At a time when gold prices are inspiring investors to ever further consider the yellow precious metal as a critical wealth asset, many collectors are also finding ways to incorporate gold coins into their numismatic holdings. Even buying just one gold coin is out of reach for so many collectors, but those who have the funds to add a few gold coins to their collections have several exciting options to choose from. Among the most popular of these is a four-piece type set consisting of the quarter eagle ($2.50 face value), half eagle ($5 face value), eagle ($10 face value), and double eagle ($20 face value).
Those four denominations represent the types of gold coins that most widely circulated for the longest duration of time. All four gold coins saw use for many decades and also hosted a variety of designs that have long been popular with collectors. However, the most broadly collected of these are the Liberty Head gold coins and the four gold coins that were struck during the age of the so-called Renaissance of American Coinage, including the two gold coins by Augustus Saint-Gaudens and his student-protégé, Bela Lyon Pratt; these pieces include the eponymous Saint-Gaudens double eagle and Indian eagle by Saint-Gaudens and the Indian Head quarter and half eagles by Pratt.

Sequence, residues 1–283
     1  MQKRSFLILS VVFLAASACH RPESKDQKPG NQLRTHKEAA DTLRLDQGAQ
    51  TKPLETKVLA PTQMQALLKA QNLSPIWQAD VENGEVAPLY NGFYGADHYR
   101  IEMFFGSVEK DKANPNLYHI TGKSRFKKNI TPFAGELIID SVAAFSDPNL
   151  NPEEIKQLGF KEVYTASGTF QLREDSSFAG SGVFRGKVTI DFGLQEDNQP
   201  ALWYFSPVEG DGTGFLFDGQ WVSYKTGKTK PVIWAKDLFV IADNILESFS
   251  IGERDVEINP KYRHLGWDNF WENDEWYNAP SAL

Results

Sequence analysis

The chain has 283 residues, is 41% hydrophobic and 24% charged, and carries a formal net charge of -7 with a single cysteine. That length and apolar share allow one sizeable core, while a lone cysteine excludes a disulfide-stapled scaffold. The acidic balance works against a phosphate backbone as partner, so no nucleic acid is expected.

Both the Liberty Head and Saint-Gaudens/Pratt sets are extraordinarily rewarding gold type collections that are relatively simple to piece together, with enough money, of course. These four-piece sets can also beautifully stand alone as self-contained gold type arrangements or serve as significant components of larger gold type sets that also incorporate other designs and denominations.
It should be noted that common-date pre-1933 U.S. gold coins have seen premiums come down in recent years due in part to the discoveries and dispersals of overseas gold hoards — these particularly involving large caches of double eagles. So, while the four-piece gold type sets are still highly collectible and sought after by numismatists, they are relatively much less expensive to build now in terms of premiums than they were 30 or 40 years ago.
*Image courtesy of Joshua McMorrow-Hernandez.